Tacoma tax preparer pleads guilty to tax fraud scheme


Date: February 1, 2021

Contact: newsroom@ci.irs.gov

Tacoma, Washington — A Lakewood, Washington, man pleaded guilty today in U.S. District Court in Tacoma to aiding in preparation and presentation of false tax returns for his multi-year fraudulent tax preparation scheme. Cleo Reed, Jr., created "Just Us Tax Services" and later merged it with "Young's Tax Services." The companies filed tax returns fraudulently claiming inflated amounts of Earned Income Tax Credits (EITC) in order to increase clients' tax refunds and therefore the fee they would receive for tax preparation. Cleo J. Reed, Jr., admits operating the tax fraud scheme even after his father was sentenced to prison for the same conduct. Sentencing is scheduled for May 10, 2021 in front of U.S. District Judge Benjamin H. Settle.

According to records filed in the case, in 2011 and 2012, even as Reed Jr.'s father's tax preparation business was under investigation for preparing fraudulent returns, Reed, Jr., opened and operated "Just Us Tax Service" so that his father could continue filing tax returns on behalf of clients, by filing them in the name of a tax preparation firm that was different than the name of the tax preparation firm the IRS was investigating. After opening Just Us Tax Services to assist his father, Reed, Jr., also started filing fraudulent tax returns on behalf of some clients, however. In doing so, he used the same fraudulent technique utilized by his father's tax preparation business.

When the IRS terminated Reed Jr.'s tax preparation registration, he had an acquaintance open and register "Young's Tax Service" in 2014 and continued filing tax returns with fraudulent entries for Earned Income Tax Credit. Reed, Jr., filed the false returns from his home and from Everyday Essentials, the marijuana dispensary he owned and operated in Puyallup.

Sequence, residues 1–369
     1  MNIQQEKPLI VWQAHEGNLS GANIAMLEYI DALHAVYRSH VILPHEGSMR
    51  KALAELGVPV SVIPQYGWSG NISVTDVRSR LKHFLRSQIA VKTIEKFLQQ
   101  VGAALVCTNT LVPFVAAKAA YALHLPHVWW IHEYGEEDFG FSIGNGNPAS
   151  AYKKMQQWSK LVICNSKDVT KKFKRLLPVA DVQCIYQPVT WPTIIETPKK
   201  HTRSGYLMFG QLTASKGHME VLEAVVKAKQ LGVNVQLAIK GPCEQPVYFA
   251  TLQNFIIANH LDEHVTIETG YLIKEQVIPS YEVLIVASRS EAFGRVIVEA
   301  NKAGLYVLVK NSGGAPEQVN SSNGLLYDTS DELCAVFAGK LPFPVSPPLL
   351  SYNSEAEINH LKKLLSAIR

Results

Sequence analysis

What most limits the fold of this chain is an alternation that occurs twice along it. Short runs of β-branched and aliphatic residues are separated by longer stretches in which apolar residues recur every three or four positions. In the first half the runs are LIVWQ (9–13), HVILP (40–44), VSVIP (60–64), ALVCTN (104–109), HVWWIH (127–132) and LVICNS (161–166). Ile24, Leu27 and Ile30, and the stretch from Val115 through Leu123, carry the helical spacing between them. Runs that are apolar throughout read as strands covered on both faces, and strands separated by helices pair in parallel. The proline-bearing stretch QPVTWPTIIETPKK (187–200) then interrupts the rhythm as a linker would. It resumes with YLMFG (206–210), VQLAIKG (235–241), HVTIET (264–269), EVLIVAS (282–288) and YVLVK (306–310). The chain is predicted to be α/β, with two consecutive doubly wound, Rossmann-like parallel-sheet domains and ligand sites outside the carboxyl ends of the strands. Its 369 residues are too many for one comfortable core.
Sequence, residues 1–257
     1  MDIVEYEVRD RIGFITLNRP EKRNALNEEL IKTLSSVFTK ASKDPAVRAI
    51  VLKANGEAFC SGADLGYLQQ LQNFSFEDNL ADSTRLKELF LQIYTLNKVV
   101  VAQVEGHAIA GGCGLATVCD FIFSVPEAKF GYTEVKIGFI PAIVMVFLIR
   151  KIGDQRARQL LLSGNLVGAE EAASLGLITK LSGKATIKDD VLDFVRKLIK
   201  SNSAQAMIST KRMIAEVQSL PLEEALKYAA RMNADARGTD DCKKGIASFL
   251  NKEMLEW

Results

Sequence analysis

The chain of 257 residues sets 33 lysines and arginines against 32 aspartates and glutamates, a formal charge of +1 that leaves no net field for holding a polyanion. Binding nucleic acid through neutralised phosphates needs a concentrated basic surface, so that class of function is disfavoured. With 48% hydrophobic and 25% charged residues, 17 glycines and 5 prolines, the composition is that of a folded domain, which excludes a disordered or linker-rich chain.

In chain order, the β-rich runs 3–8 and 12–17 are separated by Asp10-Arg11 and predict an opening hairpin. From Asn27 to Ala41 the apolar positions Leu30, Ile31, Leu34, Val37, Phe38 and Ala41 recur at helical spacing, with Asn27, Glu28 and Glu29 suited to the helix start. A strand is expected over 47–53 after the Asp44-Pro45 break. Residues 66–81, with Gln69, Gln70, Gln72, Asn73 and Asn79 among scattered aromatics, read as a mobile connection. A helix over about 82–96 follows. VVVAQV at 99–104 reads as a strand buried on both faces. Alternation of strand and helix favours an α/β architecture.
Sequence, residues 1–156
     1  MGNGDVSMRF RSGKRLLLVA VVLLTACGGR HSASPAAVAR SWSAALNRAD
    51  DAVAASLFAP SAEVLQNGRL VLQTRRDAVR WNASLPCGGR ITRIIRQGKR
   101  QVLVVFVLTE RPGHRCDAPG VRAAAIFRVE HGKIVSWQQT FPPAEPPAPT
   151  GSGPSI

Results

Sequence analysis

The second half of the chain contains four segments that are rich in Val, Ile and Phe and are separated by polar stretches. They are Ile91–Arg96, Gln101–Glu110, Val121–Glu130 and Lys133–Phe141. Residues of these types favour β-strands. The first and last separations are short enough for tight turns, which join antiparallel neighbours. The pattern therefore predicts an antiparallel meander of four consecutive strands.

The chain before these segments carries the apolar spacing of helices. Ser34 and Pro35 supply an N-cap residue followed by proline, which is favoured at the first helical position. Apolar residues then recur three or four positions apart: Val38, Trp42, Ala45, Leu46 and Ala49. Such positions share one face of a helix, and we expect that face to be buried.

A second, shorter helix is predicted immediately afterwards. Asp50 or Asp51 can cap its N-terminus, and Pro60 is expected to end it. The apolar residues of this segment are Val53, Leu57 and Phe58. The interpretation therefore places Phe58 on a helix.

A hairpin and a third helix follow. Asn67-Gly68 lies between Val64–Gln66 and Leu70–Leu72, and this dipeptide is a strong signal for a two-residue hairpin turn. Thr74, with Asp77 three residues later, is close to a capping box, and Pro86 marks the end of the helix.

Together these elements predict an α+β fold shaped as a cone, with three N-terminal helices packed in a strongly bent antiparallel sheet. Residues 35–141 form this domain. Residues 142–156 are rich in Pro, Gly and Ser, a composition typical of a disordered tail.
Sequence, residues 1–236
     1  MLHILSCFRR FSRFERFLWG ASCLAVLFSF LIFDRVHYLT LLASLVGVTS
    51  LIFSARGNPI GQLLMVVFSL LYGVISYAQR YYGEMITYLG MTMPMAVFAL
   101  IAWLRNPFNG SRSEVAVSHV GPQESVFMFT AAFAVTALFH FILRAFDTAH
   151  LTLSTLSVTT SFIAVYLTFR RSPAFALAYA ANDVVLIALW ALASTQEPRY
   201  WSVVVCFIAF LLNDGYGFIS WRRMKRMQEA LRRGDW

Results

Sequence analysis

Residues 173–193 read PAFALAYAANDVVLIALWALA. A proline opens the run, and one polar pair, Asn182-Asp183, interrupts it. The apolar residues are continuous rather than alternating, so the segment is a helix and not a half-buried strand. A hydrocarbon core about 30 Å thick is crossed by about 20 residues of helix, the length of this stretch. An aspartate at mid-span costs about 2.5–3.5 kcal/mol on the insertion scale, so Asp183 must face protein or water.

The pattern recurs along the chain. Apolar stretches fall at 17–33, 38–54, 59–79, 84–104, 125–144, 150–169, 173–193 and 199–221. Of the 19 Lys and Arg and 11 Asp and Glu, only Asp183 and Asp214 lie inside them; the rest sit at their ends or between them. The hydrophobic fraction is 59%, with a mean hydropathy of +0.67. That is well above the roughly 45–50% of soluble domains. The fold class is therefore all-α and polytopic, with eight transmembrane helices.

The total amount of tax loss to which Reed, Jr., is admitting criminal liability is $39,899. Reed, Jr., has agreed to make restitution to the IRS in that same amount. The IRS may still assess interest and civil tax penalties.

On October 31, 2013, the United States District Court Judge Benjamin H. Settle sentenced Reed, Jr.'s father, Cleo Reed, Sr., to a term of 30 months' imprisonment for his role in the scheme. While he waited to report to prison, Reed, Sr., told former clients that he was turning the tax preparation business over to his son as a result of both the criminal investigation of Reed, Sr., and his failing health.

Aiding in preparation and presentation of false tax returns is punishable by up to three years in prison.

The case is being investigated by the Internal Revenue Service Criminal Investigation (IRS-CI). The case is being prosecuted by Assistant United States Attorney Arlen Storm.